GREENBURGH, N.Y. — Thursday night’s win over the Dallas Mavericks was an emotional one for Dennis Smith Jr.
The Knicks guard had 13 points and eight assists against the team that traded him last season. It was a good game for Smith, who suffered a back injury in training camp, was booed by New York fans after he got off to a slow start, and missed nearly two weeks mourning the sudden death of his stepmother.
Smith said after the game that he sat alone at his locker and just reflected on the fact that his stepmother had not been there to watch his best game as a Knick this season.
“It was kind of bittersweet for me, beating the team that had traded me but my stepmom wasn’t here to see it,” Smith said Friday after practice. “You know what I’m saying? I had to take some time out [for] myself and really digest something like that. But it does put things in perspective. She watched every game. Every single game. Even when I was in college. She was a Tar Heel fan. When I went to N.C. State, she rooted for N.C. State. So it put things into perspective.”
Smith was the key piece the Knicks got back when they traded Kristaps Porzingis to Dallas. For the most part, like all of the other Knicks guards, he has been inconsistent. But the game he played against Dallas on Thursday showed the 21-year-old’s potential.
“I think it was just a matter of time,” coach David Fizdale said when asked about Smith’s big game. “A big part of it is he gained a lot of perspective when he was away from us. I think all of us adults can attest to the fact that when you lose somebody close to you and suffer real-life adversity, it puts other things in perspective, especially your job. He got back to playing, he started to look at this as more of a game instead of a job with pressure on him. Hopefully he can keep that mindset.”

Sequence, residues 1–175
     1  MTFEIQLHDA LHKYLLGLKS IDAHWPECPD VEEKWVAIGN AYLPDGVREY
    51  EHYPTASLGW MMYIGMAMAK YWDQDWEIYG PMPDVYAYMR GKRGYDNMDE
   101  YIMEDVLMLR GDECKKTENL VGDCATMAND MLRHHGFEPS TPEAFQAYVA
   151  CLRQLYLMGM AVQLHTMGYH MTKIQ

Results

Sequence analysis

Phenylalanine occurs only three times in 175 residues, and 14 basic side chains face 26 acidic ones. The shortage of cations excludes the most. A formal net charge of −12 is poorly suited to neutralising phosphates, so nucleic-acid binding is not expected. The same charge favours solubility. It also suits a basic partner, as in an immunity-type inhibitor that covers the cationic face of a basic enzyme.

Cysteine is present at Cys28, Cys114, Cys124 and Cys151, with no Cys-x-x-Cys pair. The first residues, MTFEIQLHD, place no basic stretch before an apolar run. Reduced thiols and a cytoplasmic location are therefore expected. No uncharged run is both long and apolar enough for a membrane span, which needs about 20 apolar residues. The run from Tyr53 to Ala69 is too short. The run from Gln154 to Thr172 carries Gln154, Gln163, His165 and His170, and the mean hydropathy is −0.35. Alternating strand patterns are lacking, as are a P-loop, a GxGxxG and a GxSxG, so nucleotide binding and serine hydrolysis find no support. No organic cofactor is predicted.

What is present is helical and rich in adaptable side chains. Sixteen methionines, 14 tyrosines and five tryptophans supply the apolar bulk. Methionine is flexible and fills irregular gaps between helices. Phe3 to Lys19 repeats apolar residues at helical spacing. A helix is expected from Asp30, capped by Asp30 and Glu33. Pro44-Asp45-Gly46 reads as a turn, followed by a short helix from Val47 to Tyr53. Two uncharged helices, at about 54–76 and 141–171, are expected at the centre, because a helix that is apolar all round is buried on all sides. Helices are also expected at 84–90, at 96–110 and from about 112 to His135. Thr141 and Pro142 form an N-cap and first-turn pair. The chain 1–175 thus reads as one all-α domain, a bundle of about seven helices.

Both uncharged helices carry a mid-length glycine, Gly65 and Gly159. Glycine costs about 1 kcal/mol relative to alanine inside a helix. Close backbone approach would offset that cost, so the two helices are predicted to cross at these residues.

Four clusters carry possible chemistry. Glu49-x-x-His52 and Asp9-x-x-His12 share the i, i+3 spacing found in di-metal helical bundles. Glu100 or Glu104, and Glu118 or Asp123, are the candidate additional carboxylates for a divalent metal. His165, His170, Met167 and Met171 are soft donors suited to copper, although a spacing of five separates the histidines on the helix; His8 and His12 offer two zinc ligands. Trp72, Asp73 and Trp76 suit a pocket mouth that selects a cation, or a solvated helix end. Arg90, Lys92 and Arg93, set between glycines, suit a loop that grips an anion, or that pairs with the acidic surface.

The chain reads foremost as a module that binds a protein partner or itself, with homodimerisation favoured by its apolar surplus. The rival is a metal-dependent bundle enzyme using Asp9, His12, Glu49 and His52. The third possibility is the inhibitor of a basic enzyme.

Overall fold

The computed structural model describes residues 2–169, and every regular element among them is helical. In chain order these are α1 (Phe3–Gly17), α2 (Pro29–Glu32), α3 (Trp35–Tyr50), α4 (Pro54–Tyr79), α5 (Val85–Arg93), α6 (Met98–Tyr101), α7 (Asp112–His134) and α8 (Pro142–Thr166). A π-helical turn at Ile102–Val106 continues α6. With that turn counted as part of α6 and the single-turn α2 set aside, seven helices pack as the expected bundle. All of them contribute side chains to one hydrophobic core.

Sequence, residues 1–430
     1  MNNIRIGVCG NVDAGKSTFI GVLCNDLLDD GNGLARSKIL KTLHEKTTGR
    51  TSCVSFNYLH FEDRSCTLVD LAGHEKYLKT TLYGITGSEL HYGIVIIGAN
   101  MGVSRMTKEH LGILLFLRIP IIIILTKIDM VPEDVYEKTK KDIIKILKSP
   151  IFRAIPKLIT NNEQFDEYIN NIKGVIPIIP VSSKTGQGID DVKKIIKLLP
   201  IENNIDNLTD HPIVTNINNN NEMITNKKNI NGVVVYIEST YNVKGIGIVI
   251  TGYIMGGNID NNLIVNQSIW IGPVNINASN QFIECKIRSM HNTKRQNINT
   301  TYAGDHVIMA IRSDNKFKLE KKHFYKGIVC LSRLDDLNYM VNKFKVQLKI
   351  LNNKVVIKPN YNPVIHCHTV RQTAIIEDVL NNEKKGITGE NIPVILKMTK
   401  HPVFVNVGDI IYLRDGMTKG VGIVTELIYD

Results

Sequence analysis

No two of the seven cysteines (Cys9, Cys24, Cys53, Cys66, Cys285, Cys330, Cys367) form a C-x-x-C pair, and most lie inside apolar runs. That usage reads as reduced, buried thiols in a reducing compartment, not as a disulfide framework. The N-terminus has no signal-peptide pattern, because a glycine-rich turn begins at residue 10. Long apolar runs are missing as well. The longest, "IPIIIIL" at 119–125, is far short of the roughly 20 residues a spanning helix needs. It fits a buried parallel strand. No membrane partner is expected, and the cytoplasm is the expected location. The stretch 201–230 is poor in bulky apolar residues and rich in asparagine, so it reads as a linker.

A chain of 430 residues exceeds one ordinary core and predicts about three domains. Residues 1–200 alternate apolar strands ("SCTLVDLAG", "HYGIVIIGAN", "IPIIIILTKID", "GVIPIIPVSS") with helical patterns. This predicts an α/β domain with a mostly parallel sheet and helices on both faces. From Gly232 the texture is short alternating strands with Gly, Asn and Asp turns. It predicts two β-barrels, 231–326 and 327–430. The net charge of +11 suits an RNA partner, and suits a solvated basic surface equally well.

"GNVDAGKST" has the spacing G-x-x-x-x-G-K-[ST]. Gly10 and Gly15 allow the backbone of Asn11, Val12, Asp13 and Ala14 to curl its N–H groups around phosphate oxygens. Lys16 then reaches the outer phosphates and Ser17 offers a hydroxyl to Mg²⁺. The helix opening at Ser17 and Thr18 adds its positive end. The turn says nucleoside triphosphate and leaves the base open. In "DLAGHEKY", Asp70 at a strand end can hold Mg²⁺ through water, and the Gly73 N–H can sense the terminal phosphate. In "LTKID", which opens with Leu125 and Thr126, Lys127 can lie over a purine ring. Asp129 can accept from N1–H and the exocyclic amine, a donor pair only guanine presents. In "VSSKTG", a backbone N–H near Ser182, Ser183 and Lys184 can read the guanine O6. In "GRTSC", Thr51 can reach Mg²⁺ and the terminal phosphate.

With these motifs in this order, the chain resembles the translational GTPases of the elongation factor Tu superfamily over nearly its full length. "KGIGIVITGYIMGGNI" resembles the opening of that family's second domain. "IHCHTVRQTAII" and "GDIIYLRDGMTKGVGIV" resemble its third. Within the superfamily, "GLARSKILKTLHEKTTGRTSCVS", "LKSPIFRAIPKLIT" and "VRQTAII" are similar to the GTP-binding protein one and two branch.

That mindset helped him make more shots than he has all season. After shooting 1-for-14 through his first four games, Smith was 5-for-12 against the Mavericks, including 2-for-4 from three-point range.
“That’s the Dennis we need every game,” Julius Randle said. “He’s just going out there playing, playing free. Not worried about anything. When he does that, he’s really dangerous.”
Fizdale gave Smith the game ball after the win.
“I was so proud of him,” Fizdale said. “He’s been through more than any of us can imagine. The kid had an incredible summer of work, and to get hurt right away in camp, get knocked for a loop, and then right when he gets back healthy, trying to get healthy, he gets booed. That’s tough for a young kid, to get booed. Then his stepmom passes. He comes back to us, through all of it . . . He had a really solid basketball game.”